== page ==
Acclaimed Australian writers conduct an in-depth examination of the contemporary essay. Rebecca Giggs talks to Jessica Friedmann, author of Things That Helped, a collection of essays tapping critical theory, popular culture and personal experience; award-winning writer and cultural historian Maria Tumarkin; and Fiona Wright, author of the book of essays, Small Acts of Disappearance, which examines her own anorexia and the significance of hunger. Guests traverse the borders of the personal and political, and consider the intersection of literary and journalistic modes.
Maria Tumarkin (Australian)
Maria Tumarkin is a writer and cultural historian. Her books include Traumascapes, Courage, and Otherland, which was shortlisted for the Victorian Premier’s Award, NSW Premier’s Award and The Age Book of the Year. Her latest book, Axiomatic won the 2018 Melbourne Prize for Literature’s Best Writing Award and was shortlisted for the Stella Prize. Tumarkin’s essays have appeared in The Best Australian Essays, Griffith Review, Meanjin, The Monthly, Sydney Review of Books, The Age, The Australian, and Inside Story. Tumarkin is involved in wide-ranging artistic collaborations with visual artists, theatre makers and audio designers. She was a 2013–14 Sidney Myer Creative Fellow in humanities and is a member of the Melbourne Writers Festival’s programming committee. Maria holds a PhD in cultural history and teaches creative writing at the University of Melbourne.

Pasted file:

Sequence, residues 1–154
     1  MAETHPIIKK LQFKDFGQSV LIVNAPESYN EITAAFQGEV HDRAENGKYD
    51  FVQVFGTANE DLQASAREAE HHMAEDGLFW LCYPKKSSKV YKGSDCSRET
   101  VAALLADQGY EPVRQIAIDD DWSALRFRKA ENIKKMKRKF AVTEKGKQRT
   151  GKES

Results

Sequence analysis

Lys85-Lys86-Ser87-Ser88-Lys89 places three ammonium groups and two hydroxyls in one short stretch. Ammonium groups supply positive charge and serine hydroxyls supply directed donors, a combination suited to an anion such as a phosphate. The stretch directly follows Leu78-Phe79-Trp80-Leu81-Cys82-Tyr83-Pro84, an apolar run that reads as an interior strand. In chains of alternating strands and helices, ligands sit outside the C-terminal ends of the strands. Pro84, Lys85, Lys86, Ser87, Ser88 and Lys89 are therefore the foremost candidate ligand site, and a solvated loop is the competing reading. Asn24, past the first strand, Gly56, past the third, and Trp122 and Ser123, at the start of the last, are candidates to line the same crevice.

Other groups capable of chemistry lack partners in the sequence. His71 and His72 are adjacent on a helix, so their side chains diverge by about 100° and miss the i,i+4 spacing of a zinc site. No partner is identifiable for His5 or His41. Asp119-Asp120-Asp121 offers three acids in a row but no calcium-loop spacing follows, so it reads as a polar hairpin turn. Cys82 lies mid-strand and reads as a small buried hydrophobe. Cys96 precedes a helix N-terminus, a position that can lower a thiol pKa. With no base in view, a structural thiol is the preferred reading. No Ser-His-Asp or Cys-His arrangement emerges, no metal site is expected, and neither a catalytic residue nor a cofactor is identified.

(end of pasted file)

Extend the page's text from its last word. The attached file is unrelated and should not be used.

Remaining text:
Rebecca Giggs (Australian)
Rebecca Giggs is a writer from Perth, Australia. Her work has appeared in Granta, The Atlantic, The New York Times Magazine, Best Australian Essays, Best Australian Science Writing and other publications. Her first book is Fathoms: the world in the whale.